by Ken Pishna
According to Dictionary.com, a Phenom is: a phenomenon, especially a remarkable or outstanding person. Vitor Belfort’s career has portrayed him as anything but remarkable lately. He has lost three consecutive fights (to Alistair Overeem, Tito Ortiz, and Randy Couture) and has dropped four of his past six fights (the fourth loss being to UFC Light Heavyweight Champion Chuck Liddell).

The only good thing about that list of defeats? They are all Top Ten ranked fighters. But that does nothing to dispel the fact that they are all losses. Nor does it deflect the spotlight shining on Belfort’s omission from the list.

Belfort started his career as a ball of fire, destroying his first four opponents in a combined total of 3 minutes and 15 seconds. He rolled through the likes of Tra Telligman, Tank Abbott, and even Wanderlei Silva before bolting from the UFC looking to test his skills in Japan, then returning once again to his old stomping grounds. Upon his return to the UFC, Belfort dropped a close decision in an epic battle with Chuck Liddell before laying the hammer down on Marvin Eastman, opening up one of the most gruesome cuts in MMA history. He even laid claim to the UFC Light Heavyweight title at one point following a quirky win over Randy Couture in their rematch. Couture had won their first meeting some six years earlier.

Following a loss to Couture in their rubber match and a disappointing defeat at the hands of Tito Ortiz at UFC 51, Belfort once again packed his bags and made the move to the Land of the Rising Sun. Upon his arrival in Pride, things didn’t get much better for him. Excited to take part in Pride’s Middleweight Grand Prix, Belfort made a lackluster appearance in his first round bout with Alistair Overeem getting choked out just before the end of the first round.

Stepping into the ring of England’s premier MMA promotion, Cage Rage, this weekend, Belfort is looking for more than a win, he’s looking to revitalize a career that, once so promising, has gone wildly astray and this is an excellent opportunity for him to do that.

Anthony Rea is no walk in the park. He wouldn’t be in a feature bout with a fighter the magnitude of Vitor Belfort if he were. But he’s also no Chuck Liddell, Randy Couture, or Tito Ortiz. If Belfort is to get back on track, he has to win against this type of opposition. That’s why he’s at Cage Rage, plain and simple.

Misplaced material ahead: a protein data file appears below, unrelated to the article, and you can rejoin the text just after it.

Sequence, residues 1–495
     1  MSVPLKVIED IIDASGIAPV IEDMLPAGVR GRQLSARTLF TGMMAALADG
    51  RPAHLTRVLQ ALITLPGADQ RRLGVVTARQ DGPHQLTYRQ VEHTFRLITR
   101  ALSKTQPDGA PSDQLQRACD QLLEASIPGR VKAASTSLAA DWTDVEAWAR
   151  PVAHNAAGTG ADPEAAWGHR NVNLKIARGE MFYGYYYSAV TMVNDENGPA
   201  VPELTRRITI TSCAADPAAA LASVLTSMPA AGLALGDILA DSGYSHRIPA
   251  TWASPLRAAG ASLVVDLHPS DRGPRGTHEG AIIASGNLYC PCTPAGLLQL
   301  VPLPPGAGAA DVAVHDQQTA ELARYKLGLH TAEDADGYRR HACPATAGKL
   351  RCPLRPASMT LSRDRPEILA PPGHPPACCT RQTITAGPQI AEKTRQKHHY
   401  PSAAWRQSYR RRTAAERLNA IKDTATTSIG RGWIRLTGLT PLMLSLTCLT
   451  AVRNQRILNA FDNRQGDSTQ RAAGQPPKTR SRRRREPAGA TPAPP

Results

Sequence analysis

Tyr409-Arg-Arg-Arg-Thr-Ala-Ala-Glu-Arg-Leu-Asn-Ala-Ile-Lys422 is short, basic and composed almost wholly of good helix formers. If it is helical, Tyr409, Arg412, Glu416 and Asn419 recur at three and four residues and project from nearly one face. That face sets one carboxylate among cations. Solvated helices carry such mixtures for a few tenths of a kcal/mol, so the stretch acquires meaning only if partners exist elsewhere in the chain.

A tough, well-rounded enough fighter, Rea carries a respectable record of 9-4 into the cage. His losses are all to solid competitors: Canadian Jason Macdonald, Team Quest’s Matt Horwich, veteran Marvin Eastman and UFC Champion Rich Franklin. If you’re going to lose, those are definitely worthy opponents to lose to. Still, a loss is a loss and Rea hasn’t exactly stepped up to beat the top competition that he has faced. He has credible wins against the likes of Evangelista “Cyborg” Santos, but hasn’t been able to knock off the top guys and, depending upon which Vitor shows up, Belfort may be his toughest test to date.

With his propensity for striking and lightning-quick hands, especially early on in his career, many forget that Belfort is also a Brazilian Jiujitsu Black Belt, has been for many years, and has decent wrestling skills as well. A physically gifted athlete, he can compete in just about any range that the fight goes. Belfort’s only real problem has been his lack of consistency. He is almost always a fast starter; just ask Marvin Eastman who was left with a gaping gash over his eye little more than a minute into their contest. But beyond the opening moments, it is very difficult to tell which Belfort will show up.

If Belfort wanders in with his head somewhere else, as he is known to do from time to time, Rea is the type of fighter that can and will take advantage. Rea is strong enough and talented enough to capitalize on a Belfort that isn’t on his game. But if Belfort even comes close to resembling the guy that defeated Eastman, Heath Herring, Gilbert Yvel, Wanderlei Silva, and many others, he should win this fight.

With Belfort’s athletic talents, it wouldn’t be surprising to see him push Rea early and often, trying to wear him down. If Belfort doesn’t get the early knockout, expect Rea to tire and Belfort to attack. With much to prove in this fight and everything to lose, look for an overly aggressive Belfort to go for a knockout or ground and pound win.

Although he is only 28 years old, a loss here would be devastating to Belfort’s career. But as he has been on the brink many times before, Belfort usually responds and puts up a solid effort. Expect nothing less against Rea.